Sun, 17 Feb 2008 16:15 CST
Researchers have identified a key reason why people make mistakes when they try to predict what they will like. When predicting how much we will enjoy a future experience, people tend to compare it to its alternatives - that is, to the experiences they had before, might have later, or could have been having now. But when people actually have the experience, they tend not to think about these alternatives and their experience is relatively unaffected by them.
In new research funded by the National Science Foundation and presented at the annual meeting of the American Association for the Advancement of Science, Daniel Gilbert, professor of psychology in the Faculty of Arts and Sciences at Harvard University, shares the findings in a presentation titled, "Why People Misimagine the Future: The Problem of Attentional Collapse." The research was done with Carey Morewedge of Carnegie Mellon University, Karim Kassam of Harvard, Kristian Myrseth of the University of Chicago, and Timothy Wilson of the University of Virginia.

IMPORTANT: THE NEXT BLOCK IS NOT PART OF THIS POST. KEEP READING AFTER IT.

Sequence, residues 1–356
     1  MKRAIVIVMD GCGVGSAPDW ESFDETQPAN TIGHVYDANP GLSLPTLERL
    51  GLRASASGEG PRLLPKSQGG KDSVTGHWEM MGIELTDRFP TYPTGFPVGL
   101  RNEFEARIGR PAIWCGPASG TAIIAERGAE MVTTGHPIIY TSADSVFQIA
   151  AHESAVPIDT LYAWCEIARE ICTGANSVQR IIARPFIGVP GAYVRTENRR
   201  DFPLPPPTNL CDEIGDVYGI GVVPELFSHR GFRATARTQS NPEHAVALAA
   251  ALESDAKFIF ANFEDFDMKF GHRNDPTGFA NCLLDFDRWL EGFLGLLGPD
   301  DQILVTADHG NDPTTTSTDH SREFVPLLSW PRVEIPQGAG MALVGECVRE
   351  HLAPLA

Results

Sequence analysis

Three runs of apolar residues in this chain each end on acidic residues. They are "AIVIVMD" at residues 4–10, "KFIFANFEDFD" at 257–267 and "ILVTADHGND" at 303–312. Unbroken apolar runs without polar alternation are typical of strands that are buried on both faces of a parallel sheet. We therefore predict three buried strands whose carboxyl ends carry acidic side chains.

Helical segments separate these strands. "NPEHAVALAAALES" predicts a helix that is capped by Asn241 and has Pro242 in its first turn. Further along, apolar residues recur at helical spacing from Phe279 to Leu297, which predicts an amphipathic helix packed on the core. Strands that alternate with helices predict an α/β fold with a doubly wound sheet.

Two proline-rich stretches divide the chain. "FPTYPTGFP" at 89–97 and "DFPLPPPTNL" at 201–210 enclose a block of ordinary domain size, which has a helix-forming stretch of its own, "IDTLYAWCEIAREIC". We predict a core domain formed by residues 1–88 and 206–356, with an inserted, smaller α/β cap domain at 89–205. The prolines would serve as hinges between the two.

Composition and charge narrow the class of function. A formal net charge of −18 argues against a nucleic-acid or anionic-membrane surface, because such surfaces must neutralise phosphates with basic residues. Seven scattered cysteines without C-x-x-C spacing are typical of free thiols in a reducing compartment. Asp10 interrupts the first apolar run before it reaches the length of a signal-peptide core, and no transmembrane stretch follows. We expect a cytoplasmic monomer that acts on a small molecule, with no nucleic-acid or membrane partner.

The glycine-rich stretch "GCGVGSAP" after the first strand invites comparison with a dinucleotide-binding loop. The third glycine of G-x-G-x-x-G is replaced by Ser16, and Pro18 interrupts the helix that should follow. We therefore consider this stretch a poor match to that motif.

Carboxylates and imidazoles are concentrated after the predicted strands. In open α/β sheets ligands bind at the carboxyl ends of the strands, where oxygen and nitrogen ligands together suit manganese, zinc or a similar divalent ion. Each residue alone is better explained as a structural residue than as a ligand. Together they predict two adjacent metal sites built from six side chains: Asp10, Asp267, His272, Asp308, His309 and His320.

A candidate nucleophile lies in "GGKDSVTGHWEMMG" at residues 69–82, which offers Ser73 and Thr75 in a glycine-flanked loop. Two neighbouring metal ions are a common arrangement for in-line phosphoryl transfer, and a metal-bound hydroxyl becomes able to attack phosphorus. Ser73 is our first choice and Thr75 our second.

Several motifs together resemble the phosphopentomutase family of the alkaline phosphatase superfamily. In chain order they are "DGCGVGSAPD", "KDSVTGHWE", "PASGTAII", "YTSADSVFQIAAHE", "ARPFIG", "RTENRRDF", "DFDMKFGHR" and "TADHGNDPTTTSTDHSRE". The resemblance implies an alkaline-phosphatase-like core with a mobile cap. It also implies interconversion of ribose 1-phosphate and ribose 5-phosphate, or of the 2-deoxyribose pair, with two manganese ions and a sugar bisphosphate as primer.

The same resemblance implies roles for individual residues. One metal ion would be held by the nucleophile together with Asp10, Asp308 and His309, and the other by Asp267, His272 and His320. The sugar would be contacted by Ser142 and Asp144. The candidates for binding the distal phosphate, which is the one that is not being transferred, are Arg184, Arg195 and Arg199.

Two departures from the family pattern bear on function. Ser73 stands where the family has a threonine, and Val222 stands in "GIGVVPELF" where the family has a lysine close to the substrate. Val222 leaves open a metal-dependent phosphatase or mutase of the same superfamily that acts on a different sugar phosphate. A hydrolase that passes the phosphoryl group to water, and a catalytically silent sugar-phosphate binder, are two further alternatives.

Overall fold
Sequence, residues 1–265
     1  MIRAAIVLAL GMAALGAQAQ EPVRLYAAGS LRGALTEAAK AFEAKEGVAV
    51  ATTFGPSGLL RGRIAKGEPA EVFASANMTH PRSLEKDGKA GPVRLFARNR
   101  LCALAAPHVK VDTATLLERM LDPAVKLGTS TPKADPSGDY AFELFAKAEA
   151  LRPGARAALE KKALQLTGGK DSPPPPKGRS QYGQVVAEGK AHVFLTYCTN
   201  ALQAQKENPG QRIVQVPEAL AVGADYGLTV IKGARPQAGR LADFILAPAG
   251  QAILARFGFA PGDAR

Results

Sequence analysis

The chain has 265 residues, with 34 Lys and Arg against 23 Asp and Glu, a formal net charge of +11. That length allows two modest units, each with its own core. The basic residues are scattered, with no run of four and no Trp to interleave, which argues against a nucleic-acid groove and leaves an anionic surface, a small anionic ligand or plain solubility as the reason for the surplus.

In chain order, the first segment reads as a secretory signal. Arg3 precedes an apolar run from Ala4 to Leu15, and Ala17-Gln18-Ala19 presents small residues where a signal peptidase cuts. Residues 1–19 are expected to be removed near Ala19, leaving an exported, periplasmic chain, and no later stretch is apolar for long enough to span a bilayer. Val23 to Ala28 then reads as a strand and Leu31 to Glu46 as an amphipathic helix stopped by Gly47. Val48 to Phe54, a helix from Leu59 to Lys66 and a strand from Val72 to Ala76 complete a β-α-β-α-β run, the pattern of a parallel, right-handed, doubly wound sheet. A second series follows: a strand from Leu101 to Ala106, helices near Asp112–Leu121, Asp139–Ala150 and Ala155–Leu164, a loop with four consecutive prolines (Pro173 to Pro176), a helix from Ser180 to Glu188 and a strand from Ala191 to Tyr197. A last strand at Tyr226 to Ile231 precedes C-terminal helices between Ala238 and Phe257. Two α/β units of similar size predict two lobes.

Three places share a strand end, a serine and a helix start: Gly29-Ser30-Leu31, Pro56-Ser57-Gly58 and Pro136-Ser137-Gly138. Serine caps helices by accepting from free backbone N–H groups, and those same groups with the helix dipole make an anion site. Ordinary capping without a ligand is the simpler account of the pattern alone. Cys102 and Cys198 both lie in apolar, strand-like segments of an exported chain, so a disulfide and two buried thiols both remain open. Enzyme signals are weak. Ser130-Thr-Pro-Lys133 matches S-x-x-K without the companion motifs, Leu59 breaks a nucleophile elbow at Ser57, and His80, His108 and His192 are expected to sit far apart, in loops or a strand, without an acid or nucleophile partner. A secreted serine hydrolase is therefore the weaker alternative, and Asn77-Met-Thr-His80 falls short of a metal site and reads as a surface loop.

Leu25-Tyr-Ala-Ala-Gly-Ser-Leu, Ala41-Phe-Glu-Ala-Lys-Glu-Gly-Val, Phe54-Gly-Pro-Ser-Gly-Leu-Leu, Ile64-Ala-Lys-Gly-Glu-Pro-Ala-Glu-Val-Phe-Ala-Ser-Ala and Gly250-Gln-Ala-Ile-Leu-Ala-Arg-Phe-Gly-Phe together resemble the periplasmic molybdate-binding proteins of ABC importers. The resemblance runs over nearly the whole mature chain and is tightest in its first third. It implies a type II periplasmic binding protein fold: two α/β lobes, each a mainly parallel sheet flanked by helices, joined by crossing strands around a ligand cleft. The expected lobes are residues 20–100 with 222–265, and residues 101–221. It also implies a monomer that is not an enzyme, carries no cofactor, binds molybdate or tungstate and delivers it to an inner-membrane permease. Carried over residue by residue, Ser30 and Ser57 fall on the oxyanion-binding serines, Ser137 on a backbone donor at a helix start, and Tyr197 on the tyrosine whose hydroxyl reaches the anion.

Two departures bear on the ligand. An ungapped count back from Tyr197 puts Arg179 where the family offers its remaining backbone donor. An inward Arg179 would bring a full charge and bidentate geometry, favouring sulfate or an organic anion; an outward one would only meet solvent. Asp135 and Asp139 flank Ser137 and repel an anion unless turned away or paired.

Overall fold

Sun, 17 Feb 2008 16:05 CST
Before the handshake that may have saved his life, Mark Gurrieri thought his hands were getting bigger because of too much DIY and working in his restaurant kitchen. But a chance meeting with a doctor revealed the growth was related to a rare disease which could have cost him his sight.
Alarm bells rang for GP Chris Britt when he spotted Gurrieri's fleshy hand and large features. Gurrieri, 36, had acromegaly, a condition caused by excessive growth hormone from the pituitary gland, usually prompted by a tumour, that affects three in a million people.
Laura Donnelly, Health Correspondent
Sun, 17 Feb 2008 00:48 CST
Britons are three times more likely than the French to die from heart disease, according to a new European league table.
|©European Society of Cardiology
|Age-standardized mortality from ischaemic heart disease in European regions (men; age group 45 - 74 years; year 2000)